How to store leftover paint
Like everything else, the price of paint has gone up. While it's always a good idea to keep some paint for touch-ups or small projects, storing your leftover paint allows you to keep it for a couple of years and use it when and where you can.
Here are some tips for storing paint:
Seal it quick
As soon as you open a can of paint it starts to cure. For this reason it is best to pour out small amounts into a paint tray for immediate use and close the lid on the paint tin to prevent the paint from curing.
Wipe around the lip of the tin to remove any paint and then cover the paint tin with cling wrap before closing the lid. This will help create an additional seal when the tin is closed and put away.
If paint is supplied on a plastic container, wipe around the rim and use the heel of your hand to pop the lid closed all the way around.
Store paint away from extreme heat and cold to avoid spoilage. If paint is stored in a cool, dry place it will last much longer. All paints should be stored out of reach of children and pets.
Label your paint
Take the time to mark each tin of paint after use you will find it easier when you need it. If the paint tin has an original label - leave it on.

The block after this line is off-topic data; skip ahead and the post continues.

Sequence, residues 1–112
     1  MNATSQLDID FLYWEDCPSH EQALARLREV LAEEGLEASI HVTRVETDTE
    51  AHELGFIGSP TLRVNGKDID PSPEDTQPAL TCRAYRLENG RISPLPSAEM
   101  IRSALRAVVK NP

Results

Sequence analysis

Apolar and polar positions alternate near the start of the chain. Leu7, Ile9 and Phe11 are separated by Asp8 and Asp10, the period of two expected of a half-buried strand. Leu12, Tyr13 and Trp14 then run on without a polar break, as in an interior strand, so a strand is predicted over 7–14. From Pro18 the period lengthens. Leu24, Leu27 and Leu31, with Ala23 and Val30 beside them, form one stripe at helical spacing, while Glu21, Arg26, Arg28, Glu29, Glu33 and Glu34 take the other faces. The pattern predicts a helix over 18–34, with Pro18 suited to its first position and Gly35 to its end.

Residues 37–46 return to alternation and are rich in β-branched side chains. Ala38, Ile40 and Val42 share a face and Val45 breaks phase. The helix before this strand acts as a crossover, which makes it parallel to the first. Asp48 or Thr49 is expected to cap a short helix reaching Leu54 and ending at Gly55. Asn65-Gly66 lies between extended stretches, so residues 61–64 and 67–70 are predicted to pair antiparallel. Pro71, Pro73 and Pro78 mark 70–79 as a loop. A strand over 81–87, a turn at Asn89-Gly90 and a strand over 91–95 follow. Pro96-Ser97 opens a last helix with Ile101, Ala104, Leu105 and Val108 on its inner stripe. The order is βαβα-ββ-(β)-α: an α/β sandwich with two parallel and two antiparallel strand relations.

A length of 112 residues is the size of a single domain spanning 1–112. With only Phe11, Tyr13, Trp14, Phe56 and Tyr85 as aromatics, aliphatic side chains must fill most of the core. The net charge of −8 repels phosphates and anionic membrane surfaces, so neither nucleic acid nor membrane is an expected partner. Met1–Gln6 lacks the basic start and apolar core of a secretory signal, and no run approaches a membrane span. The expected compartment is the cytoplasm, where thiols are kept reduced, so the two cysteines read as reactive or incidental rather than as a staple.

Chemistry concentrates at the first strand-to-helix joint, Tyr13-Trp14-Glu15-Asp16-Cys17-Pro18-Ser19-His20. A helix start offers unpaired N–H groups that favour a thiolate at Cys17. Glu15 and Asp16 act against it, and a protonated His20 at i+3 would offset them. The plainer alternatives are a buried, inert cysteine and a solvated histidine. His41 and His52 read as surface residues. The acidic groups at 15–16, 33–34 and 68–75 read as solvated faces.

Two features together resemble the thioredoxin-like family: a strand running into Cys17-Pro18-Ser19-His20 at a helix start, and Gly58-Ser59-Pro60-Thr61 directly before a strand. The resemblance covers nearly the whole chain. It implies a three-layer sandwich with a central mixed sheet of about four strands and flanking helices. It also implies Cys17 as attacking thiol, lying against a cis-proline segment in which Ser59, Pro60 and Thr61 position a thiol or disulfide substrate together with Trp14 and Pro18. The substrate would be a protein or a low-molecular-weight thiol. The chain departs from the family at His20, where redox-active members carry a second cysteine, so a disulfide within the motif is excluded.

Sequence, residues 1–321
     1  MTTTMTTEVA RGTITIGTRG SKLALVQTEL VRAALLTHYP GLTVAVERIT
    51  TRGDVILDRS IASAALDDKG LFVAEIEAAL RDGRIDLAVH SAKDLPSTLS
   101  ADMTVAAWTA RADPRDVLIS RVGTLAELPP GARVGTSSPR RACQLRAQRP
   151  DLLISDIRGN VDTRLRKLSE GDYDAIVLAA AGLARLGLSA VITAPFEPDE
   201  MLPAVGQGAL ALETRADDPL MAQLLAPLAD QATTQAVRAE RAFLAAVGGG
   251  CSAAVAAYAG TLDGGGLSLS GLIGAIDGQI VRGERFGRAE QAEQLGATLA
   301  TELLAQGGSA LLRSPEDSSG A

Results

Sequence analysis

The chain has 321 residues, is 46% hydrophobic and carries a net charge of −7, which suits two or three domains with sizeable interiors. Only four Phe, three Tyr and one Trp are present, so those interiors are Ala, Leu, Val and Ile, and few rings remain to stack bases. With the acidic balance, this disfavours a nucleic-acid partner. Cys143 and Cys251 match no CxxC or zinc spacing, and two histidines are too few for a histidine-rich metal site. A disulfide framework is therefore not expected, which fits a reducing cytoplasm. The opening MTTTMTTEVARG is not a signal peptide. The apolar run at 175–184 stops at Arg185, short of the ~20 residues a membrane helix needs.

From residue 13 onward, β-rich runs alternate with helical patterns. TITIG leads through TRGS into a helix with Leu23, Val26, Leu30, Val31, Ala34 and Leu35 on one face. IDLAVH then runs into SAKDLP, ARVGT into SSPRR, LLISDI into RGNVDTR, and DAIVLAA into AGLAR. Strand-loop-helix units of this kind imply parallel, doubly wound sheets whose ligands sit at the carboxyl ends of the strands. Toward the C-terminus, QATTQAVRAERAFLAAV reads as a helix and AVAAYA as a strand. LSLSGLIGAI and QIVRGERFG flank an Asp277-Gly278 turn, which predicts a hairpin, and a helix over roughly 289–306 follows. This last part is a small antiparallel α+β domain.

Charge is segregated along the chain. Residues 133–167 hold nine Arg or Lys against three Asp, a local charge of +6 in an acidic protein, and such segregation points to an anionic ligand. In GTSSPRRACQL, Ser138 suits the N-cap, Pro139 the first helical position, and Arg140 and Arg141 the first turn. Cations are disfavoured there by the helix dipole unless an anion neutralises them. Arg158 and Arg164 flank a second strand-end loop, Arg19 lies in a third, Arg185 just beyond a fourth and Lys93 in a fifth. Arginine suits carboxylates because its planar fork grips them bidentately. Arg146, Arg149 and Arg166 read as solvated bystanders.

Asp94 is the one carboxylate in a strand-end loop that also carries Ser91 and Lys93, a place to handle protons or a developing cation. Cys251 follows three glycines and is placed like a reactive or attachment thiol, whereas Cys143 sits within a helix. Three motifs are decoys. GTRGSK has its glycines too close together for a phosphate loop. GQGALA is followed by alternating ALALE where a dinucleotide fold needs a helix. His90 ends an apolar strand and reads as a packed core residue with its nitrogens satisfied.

Apply a dab of colour to the label - or the lid - to make it easier to identify the paint colour.
If you also record the details of where the paint was used, it will be quick and easy to perform touch ups later on.
image via real simple
If your paint does develop a skin on the surface, use an old pair or nylon stockings, a fine mesh sieve, or muslin to filter out contaminates so that these will not spoil the painted finish.
Have a clean container for the filtered paint. Hold the stocking over the container and pour the paint into the stocking.
Where the rim around the tin is full of debris or rusty, wrap wide masking tape around the inside of the rim to allow you to pour the paint into a new container.
When paint has been sitting in storage for a while it tends to separate.
Always stir paint before you use it to ensure that the paint is mixed properly. If the paint has thickened, use a small amount of water to dilute, stirring well into the paint.
Dispose of paint
When it comes to throwing out or disposing of paint, it's critical to do it in a way that won't cause pollution to drinking water or soil. One 5 litre tin of paint can contaminate thousands of litres of water, harm aquatic fish and plant life, and eventually, poison the food chain. Click here for some safe, effective ways to dispose of acrylic and oil-based paints.